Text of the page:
A question for Dave Weckl..

moxman

Silver Member
Saw Dave the other night on his drum clinic tour.. got to ask him a question and chatted a bit after the show. But now I'm kicking myself , as I thought of a much better question to ask him! So.. I'll throw it out here and see what you drumheads think..

Note: I'm a converted trad-to-matched grip player, fully on board with what Dave preaches about the middle finger fulcrum, playing relaxed, using the rebound, wrapping the hand loosely around the stick with the pointer finger gap (open) at the front end and playing from the back of the hand/fingers. I've been playing this way for about the last 12+ years and love it - but there's one thing that has always puzzled me - which is; (drum roll please.......)

So.. Question:
If you are playing a crescendo buzz roll over a bar of 4 beats for example.. going from a whisper to a scream, do you shift your hand pressure to the first finger (for the fine buzz roll) and by the time you reach a loud buzz roll (where the stick heights are at neck height) shift the hand pressure to the back of the hand?
Or do you use the same weighting throughout?

My problem is that I learned to play a super smooth buzz roll 40 years ago using the first finger-light pressure-circular technique.. and trying to do that from the middle finger fulcrum always just feels weird to me.. I can do it but ... It's similar to the feeling you get doing a buzz roll with the pinky fulcrum .. kind of unbalanced.. What do you think?
 

Pocket-full-of-gold

Platinum Member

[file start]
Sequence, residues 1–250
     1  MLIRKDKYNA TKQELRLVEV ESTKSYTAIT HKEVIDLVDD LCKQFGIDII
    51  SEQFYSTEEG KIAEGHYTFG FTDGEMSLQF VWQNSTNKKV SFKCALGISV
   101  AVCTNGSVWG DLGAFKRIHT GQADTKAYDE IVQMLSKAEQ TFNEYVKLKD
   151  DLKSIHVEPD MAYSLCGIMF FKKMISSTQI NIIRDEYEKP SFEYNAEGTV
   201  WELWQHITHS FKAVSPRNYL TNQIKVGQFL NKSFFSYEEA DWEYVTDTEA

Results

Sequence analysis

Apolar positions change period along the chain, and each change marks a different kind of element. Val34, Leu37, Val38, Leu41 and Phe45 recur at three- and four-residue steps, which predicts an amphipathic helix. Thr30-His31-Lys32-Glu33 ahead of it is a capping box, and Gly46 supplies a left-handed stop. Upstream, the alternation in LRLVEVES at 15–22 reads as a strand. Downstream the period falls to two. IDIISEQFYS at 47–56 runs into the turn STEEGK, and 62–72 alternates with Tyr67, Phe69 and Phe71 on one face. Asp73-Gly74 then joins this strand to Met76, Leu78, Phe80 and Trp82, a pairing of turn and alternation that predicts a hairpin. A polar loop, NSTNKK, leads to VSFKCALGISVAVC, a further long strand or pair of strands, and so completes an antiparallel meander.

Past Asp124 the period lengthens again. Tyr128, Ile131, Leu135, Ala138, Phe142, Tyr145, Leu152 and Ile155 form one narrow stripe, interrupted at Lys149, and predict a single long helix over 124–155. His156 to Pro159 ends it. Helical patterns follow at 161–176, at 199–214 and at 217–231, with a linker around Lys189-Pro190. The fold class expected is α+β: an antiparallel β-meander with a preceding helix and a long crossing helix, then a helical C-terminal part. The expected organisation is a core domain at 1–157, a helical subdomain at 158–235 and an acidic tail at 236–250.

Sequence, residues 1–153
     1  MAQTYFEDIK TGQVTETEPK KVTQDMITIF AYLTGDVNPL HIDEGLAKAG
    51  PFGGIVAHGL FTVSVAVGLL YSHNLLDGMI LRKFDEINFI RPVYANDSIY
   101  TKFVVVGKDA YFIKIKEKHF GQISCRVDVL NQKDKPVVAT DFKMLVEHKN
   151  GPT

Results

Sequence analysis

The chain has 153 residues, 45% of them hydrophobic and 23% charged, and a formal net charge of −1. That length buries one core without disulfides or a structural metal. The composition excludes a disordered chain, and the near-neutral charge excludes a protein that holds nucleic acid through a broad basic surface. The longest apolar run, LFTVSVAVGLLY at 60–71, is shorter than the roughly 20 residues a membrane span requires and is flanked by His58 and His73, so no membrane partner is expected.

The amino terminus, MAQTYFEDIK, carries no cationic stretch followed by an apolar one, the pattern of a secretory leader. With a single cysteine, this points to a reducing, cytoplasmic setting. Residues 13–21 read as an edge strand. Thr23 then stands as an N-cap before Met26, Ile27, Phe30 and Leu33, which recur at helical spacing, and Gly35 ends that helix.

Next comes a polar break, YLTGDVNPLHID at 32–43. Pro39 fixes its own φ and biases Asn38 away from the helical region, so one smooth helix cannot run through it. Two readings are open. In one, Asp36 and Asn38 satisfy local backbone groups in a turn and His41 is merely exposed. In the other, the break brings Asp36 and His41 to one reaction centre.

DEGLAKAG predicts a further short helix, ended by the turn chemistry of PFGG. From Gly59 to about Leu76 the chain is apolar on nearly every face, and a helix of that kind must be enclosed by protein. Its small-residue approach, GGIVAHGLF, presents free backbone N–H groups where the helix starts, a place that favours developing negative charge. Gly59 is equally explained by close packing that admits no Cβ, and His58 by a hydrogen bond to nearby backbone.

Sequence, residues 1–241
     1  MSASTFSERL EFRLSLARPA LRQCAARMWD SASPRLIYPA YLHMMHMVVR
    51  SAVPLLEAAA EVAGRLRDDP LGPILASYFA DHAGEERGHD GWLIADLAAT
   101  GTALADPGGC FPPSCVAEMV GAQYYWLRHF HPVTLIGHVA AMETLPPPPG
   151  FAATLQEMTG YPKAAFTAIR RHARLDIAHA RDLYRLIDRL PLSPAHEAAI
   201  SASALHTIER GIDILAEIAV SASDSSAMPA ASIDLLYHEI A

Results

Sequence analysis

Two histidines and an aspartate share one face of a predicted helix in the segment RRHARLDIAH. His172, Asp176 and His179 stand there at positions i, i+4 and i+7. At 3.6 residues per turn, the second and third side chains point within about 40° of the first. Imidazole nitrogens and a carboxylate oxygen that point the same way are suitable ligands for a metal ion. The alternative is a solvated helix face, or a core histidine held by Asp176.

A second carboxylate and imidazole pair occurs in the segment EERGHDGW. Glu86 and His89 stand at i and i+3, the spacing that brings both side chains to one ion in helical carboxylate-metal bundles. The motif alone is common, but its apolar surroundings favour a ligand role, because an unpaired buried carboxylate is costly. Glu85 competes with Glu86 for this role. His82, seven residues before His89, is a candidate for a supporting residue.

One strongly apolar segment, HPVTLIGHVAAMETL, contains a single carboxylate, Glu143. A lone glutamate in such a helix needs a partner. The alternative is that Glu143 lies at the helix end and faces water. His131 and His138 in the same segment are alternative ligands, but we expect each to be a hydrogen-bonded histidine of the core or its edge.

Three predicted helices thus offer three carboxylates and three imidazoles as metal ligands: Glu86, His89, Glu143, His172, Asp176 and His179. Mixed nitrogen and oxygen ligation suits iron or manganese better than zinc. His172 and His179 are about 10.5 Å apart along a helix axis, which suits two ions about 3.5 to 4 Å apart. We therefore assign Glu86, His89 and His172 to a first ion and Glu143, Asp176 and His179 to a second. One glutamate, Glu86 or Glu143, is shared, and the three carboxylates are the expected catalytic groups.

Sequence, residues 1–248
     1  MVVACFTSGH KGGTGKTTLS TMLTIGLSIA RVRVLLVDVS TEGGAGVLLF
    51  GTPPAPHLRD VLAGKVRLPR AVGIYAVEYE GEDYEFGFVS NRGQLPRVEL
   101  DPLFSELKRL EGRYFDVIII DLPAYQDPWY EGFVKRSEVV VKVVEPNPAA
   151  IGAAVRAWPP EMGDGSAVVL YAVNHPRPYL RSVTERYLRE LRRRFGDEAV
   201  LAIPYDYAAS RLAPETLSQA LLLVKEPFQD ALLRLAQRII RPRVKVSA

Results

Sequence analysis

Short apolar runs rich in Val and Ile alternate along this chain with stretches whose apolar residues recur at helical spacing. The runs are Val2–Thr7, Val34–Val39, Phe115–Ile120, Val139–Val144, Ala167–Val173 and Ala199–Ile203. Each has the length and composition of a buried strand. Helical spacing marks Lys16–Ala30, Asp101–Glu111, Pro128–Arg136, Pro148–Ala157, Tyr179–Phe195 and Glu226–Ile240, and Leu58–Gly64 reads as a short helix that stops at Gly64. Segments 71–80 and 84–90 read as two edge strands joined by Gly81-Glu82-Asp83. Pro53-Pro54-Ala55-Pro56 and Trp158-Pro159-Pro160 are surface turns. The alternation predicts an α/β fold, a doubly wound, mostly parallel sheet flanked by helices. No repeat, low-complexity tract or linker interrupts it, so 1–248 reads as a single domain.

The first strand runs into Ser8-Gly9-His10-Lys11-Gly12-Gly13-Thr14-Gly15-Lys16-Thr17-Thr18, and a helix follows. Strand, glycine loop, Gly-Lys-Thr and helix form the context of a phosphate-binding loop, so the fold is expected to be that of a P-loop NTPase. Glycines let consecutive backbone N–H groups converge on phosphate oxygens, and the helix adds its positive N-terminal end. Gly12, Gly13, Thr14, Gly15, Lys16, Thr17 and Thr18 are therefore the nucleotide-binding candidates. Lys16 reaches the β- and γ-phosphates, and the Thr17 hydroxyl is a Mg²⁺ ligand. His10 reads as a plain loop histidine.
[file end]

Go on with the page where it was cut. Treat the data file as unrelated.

Dunno about Weckl, but my fulcrum point certainly changes according to what I need to do. It's forever shifting between fore finger and middle finger......as does the amount of pressure I apply too. From pinching it quite tightly between the tip of my forefinger and thumb, to loosely rolling across the middle finger......and just about everywhere in between.

I've heard Tommy Igoe describing the fulcrum as being a living, breathing thing that shifts and adapts according to the playing application. I certainly subscribe to that summation.
 

BillRayDrums

Gold Member
From my experience...the "middle finger fulcrum" is meant to be one technique in the bag of many... so if you begin to shift your grip backwards towards the ring and pinky fingers and train the index finger to be a guide of sorts then that becomes a good "riding" or "general purpose" stance.

Of course, you'll want to go to what feels comfortable on the buzz rolls and that's usually gonna be in the front of your hand, the pinchy thing. Then when you go back to GP then your grip relaxes.

The whole idea with moving the grip farther back in your hand is to promote relaxation and as a result, a better flow.


FWIW the whole Weckl/Gruber thing kinda comes out of the Alex Duthart school of technique; I studied with Malcolm Rosenberger who was a student of Mr. D's and the things he was teaching me in 1989-1990 were those Scottish drumming techniques that in the late 1990's began to surface as the "Way of the Weckl"... or whatever that was. (Hey, I had a mullet too...) :D Either way all those drummers mentioned were a huge influence.
 
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brentcn

Platinum Member
So.. Question:
If you are playing a crescendo buzz roll over a bar of 4 beats for example.. going from a whisper to a scream, do you shift your hand pressure to the first finger (for the fine buzz roll) and by the time you reach a loud buzz roll (where the stick heights are at neck height) shift the hand pressure to the back of the hand?
Totally. Yes. Great approach. Utilize until it's comfortable. Practice loud to quiet as well.

And if you're really clever, you can adjust the path of the sticks to sweep across the head as each buzz stroke progresses, so as to soften the initial attack of each stroke (a.k.a. the Buddy Rich "whip cream" roll).
 

dmacc_2

Well-known member
Opinions can vary greatly depending on the person.